You’ve gone above and beyond, and like any reasonable, ambitious young man or woman, you feel you should be aptly compensated for your contributions. It’s time to learn the word “commensurate.”
Why You Deserve a Raise
There are a number of personal accomplishments that will be of aid in grappling for a raise:
- You’ve saved the company lots of money
- You’ve made the company lots of money
- You’ve increased your department’s productivity and quality of work
- You’ve gone beyond the call of duty (your job description)
- You’ve improved something (other than the swiftness with which the office runs out of beer on Friday afternoons)
- You’re being courted by another company or department which has offered more pay, benefits or responsibilities
Regarding the latter, keep in mind that if you opted to leave the company, the HR department knows that it will have to spend a significant amount of time and effort attempting to woo, hire and train your successor. It’s important to know that this is very much in your favor, but it’s equally important you don’t lay down an ultimatum — all inconvenience aside, such boldness may compel your boss to turn the check signing duties over to the state unemployment office.
When to Request a Raise
Timing is crucial. Study your boss’s moods (is he more chipper on a Monday or a Friday? Is there a weekly meeting that usually leaves her with an indelible scowl on her face? When is he most likely to engage in friendly chitchat with his underlings?). Being able to predict the moods of your boss will be instrumental in angling for a heavier paycheck.
Ideal times to request a raise:
- You’ve just done something very, very good, and have become something of a hero around the office
- You’ve received a tantalizing offer from another company, department or headhunter, and your department would suffer greatly from your absence
- Business is booming and the wealth must be shared
Pursuant to the latter, keep in mind your chances suffer considerably if you’re employed by a start-up laboring under the teetering ax of nervous venture capitalists, or a larger company actively looking to slash costs.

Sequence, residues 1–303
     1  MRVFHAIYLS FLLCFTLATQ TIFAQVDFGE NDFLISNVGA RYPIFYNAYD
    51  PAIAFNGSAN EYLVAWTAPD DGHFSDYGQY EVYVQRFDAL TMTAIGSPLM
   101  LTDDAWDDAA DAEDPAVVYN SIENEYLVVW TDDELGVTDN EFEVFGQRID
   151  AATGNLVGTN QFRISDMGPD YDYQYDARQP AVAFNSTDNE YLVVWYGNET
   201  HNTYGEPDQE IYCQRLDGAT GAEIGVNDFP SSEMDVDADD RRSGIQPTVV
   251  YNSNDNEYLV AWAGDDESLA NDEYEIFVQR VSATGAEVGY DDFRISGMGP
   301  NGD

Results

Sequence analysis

How to Get a Raise
Now that you’ve demonstrated incredible proficiency and dauntless enthusiasm in your field, plus an impeccable sense of timing, flawless execution is integral. Make sure you cover the following bases before your fateful meeting:
- Do your job: If you haven’t excelled in your work, there’s no reason for your boss to grant you a raise
- Do your homework: Find the going rate for others in your field, and rate yourself accordingly. Although it’s not bad to gain some idea of what your co-workers earn (if you can do so tactfully), don’t bring your findings directly to your boss — you will look like an ass. Study up on your company’s financial status to see if they are even in a position to offer you a raise. Be prepared to convince your boss that this hike will be to everyone’s benefit. Be ready to soundly refute any reservations your boss may have.
- Do your figurin’: Factor in the money you’ve saved or earned for the company, and take a cut of that. For example, if you instituted cost-cutting measures that saved the department $100,000, it would not be unreasonable to ask for 5% to 10% of the savings. That said, don’t decide on a specific number, but a range: the ceiling should be about 110% of your desired hike, and the floor should be the smallest possible amount you’ll take without walking.
- Do your song and dance: Enter the meeting with confidence, not arrogance, and refrain from making brash demands (at least overtly). Convince your boss that to place a finite value on your contributions is to trivialize the length and breadth of infinity itself. Hand him or her the pudding with the proof in it. Sell, sell, sell. And if you are turned down, express your disappointment, shake hands and calmly walk away. The composed manner in which you take the rejection may give your boss the impression that you have something else lined up — something better — even if you don’t. Play the cool hand. Your boss may even come to his or her senses and give you what you deserve — that is, if you deserve it in the first place.